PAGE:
Friday, January 14, 2011

Time Horizons: Brooklyn Currency Edition

Megan McArdle offers a passage by Matt Yglesias:
Here’s a random paragraph from Paul Krugman’s opus on the Euro:
I think of this as the Iceland-Brooklyn issue. Iceland, with only 320,000 people, has its own currency — and that fact has given it valuable room for maneuver. So why isn’t Brooklyn, with roughly eight times Iceland’s population, an even better candidate for an independent currency? The answer is that Brooklyn, located as it is in the middle of metro New York rather than in the middle of the Atlantic, has an economy deeply enmeshed with those of neighboring boroughs. And Brooklyn residents would pay a large price if they had to change currencies every time they did business in Manhattan or Queens.
I guess I wonder how inconvenient this would really be in 2010 as opposed to 1970. Individuals wouldn’t, after all, really need to “change currencies” every time they went to Manhattan. You could buy things with your credit or debit card, and if you only had Brooklyn Bucks in your pocket, American dollars are only an ATM visit away. I think the real issue here isn’t so much that it would be too inconvenient as that it wouldn’t be inconvenient enough—getting US dollars and dollar-denominated financial assets would be so simple that US dollars would circulate widely in Brooklyn and Brooklyn Bucks would wind up being marginalized.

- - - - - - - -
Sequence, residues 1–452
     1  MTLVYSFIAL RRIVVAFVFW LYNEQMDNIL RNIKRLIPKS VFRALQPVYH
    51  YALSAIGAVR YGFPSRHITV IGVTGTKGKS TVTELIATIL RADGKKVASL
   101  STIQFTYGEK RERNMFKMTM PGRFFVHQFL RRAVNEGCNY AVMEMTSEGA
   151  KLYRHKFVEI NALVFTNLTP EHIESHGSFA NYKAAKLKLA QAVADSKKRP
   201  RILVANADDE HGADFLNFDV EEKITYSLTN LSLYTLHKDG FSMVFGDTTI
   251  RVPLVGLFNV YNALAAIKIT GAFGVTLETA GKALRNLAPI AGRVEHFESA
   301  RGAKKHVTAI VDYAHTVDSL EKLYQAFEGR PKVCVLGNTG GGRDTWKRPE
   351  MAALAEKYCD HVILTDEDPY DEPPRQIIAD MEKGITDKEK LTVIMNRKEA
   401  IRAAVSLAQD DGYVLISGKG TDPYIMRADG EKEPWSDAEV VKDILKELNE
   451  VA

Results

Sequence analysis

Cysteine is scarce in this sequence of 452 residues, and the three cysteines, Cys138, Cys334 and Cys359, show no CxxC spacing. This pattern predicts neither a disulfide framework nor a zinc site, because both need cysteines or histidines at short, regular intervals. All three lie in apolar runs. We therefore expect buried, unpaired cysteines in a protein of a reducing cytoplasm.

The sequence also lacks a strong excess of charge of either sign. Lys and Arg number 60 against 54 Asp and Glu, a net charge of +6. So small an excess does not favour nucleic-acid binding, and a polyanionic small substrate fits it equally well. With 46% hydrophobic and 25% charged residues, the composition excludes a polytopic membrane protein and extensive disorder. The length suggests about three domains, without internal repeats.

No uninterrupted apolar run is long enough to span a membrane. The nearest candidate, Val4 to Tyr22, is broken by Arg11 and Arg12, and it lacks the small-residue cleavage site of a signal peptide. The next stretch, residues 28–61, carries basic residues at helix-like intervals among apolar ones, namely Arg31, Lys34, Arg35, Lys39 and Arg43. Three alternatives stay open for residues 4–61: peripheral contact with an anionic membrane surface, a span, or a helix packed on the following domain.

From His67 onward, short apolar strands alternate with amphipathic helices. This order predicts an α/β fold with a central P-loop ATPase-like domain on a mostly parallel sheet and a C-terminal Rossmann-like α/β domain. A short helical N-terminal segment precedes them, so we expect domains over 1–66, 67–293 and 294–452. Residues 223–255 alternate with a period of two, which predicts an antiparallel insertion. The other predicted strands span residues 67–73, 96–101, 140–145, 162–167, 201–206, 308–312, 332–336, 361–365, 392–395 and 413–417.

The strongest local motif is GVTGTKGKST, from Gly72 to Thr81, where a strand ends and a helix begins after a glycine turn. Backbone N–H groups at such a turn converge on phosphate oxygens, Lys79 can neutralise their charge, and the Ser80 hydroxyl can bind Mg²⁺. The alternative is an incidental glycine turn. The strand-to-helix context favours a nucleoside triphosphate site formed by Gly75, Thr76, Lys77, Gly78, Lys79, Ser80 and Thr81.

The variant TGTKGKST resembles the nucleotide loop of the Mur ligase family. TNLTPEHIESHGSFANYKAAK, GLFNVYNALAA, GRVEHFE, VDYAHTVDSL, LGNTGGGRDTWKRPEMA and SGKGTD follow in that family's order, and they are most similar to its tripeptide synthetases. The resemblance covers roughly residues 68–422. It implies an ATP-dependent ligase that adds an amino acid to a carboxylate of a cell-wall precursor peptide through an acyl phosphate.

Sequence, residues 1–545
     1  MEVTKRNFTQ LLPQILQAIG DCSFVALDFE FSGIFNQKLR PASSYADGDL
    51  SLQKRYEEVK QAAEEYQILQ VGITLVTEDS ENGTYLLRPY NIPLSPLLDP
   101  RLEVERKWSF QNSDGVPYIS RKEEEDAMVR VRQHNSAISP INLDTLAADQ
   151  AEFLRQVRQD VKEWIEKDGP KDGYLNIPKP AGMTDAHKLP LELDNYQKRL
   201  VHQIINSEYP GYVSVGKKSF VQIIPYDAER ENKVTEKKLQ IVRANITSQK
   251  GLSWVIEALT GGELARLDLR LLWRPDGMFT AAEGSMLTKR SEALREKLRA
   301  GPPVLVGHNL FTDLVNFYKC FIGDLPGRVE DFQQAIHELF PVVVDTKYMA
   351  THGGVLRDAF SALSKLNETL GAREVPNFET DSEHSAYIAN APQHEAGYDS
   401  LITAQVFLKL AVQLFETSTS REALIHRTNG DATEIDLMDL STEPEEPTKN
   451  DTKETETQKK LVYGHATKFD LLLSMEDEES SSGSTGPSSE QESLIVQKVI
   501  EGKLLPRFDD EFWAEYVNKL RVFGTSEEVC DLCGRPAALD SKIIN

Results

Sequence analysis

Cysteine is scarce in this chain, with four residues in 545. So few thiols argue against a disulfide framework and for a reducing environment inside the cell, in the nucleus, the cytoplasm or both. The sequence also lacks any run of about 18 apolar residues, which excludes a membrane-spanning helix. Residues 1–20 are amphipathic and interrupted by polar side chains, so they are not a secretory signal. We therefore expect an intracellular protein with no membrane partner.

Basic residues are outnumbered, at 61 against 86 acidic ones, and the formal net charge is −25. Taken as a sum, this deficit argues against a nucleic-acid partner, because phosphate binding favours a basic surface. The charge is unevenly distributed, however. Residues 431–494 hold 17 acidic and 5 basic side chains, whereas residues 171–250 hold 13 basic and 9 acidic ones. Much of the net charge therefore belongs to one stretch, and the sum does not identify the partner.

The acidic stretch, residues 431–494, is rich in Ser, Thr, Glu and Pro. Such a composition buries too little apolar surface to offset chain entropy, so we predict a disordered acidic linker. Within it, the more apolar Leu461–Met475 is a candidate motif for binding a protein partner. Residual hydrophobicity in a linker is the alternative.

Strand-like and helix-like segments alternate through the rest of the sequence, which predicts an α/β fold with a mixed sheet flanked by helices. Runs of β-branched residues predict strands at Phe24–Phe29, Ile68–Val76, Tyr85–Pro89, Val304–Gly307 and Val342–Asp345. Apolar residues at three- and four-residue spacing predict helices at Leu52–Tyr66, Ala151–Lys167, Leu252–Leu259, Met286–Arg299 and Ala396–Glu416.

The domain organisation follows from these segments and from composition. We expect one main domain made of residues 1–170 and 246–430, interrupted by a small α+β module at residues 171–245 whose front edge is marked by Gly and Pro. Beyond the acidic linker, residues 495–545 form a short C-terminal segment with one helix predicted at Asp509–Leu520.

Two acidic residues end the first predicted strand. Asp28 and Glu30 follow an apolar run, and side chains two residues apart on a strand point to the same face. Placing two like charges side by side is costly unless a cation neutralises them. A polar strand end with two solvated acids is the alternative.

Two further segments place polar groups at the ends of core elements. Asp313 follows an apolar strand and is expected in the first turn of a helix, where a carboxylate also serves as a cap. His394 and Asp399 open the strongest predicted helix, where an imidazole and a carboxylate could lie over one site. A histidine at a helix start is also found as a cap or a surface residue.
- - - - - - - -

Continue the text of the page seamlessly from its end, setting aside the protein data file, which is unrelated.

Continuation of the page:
Megan responds:
Eh, the currency exchange problem is pretty big, as long as you're forward looking. Ordinary people who don't operate businesses, and travel mostly for pleasure, don't tend to think about this so much. For us, the major problem with operating in different currency zones is the hassle of changing money. But for anyone who enters into contracts, currencies are a major problem. After all, what happens if the exchange rate changes?

Matt's analysis is always so thoroughly rooted in the present and short-term that looking to the long-term consequences or benefits that he invariably failed to even consider is the fastest way to go back to the very stable conclusion that the man is a jackass.

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